The same principles can be applied to providing advisory services. Here, a DFI-contracted consultant provides a service to the client, with the costs usually being shared. The means differ from those of a grant, but the result is the same or similar.



DFIs are increasingly innovating in the areas of TA deployment and grant capital use. There are many high-potential approaches being used, including outcome-based instruments (like development impact bonds), using a grant as a “first-loss” buffer or to facilitate impactful partnerships.

Below, in moving beyond transaction-level efforts to build capacity within single organisations, we consider two approaches: recoverable grants and market-level efforts to shape entire markets for greater impact.

Recoverable grants, whether repayable or convertible, sit in-between non-recoverable grants and more commercial instruments like loans or equity. A recoverable grant may be provided to finance a project where the funding covers what otherwise might be considered operational costs (exempting it from traditional grant financing). The repayment or conversion triggers are determined in the grant agreement. For example, a company could use a recoverable grant to finance research or activities to set up a new inclusive business line that reaches excluded populations, such as refugees.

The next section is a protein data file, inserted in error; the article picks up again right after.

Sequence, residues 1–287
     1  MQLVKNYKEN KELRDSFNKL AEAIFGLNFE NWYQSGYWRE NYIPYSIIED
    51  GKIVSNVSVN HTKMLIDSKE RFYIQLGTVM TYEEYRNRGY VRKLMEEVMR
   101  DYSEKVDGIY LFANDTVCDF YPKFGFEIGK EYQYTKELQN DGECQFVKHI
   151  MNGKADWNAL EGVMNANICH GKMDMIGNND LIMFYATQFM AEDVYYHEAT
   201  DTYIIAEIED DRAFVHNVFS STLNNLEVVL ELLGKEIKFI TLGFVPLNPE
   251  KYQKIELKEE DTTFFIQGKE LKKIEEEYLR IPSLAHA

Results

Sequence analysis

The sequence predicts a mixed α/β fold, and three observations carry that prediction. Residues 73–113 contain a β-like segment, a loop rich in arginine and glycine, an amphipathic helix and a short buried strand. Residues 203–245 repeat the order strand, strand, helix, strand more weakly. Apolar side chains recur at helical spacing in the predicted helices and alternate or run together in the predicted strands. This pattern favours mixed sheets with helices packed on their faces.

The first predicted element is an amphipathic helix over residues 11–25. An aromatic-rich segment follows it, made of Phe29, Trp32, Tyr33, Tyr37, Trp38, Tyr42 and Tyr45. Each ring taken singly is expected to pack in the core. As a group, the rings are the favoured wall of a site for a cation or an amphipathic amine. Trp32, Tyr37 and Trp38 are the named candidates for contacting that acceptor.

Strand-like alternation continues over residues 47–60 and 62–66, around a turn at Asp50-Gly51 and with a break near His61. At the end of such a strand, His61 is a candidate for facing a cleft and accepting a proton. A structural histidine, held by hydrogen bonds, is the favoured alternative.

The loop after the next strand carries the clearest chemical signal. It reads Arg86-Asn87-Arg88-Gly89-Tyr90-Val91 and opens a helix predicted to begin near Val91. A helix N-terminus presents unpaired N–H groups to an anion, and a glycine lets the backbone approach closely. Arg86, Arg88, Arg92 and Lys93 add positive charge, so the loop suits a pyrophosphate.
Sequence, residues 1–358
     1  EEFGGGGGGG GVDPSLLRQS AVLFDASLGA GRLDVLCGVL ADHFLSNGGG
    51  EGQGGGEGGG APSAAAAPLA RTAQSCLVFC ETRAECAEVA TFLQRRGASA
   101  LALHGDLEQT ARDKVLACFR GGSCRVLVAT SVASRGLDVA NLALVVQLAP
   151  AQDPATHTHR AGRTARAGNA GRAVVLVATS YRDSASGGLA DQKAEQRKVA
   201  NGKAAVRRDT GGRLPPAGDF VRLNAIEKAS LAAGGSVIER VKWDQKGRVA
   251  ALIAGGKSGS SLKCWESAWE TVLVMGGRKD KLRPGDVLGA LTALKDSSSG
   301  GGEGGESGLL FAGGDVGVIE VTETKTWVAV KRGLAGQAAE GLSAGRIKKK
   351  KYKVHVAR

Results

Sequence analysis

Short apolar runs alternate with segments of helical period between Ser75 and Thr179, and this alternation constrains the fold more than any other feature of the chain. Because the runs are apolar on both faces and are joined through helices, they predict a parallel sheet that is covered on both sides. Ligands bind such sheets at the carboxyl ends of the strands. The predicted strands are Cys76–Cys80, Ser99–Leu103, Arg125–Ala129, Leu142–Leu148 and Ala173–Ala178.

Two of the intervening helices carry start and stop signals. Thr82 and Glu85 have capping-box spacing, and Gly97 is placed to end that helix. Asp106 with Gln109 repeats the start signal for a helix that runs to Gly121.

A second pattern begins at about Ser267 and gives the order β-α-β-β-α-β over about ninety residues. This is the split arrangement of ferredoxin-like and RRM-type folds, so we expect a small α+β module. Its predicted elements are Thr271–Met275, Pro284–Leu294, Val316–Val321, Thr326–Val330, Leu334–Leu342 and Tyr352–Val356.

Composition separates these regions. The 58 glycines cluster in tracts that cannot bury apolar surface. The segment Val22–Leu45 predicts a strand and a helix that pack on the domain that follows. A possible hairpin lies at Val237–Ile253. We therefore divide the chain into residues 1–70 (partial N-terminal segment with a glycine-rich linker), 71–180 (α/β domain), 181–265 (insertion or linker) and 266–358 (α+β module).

The DFI and the grant recipient share some of the costs and risks associated with the undertaking, and the grant effectively helps to prove a business case. The repayment trigger will be defined with the recipient – for example, repayment of the first hundred loans to refugee-owned businesses.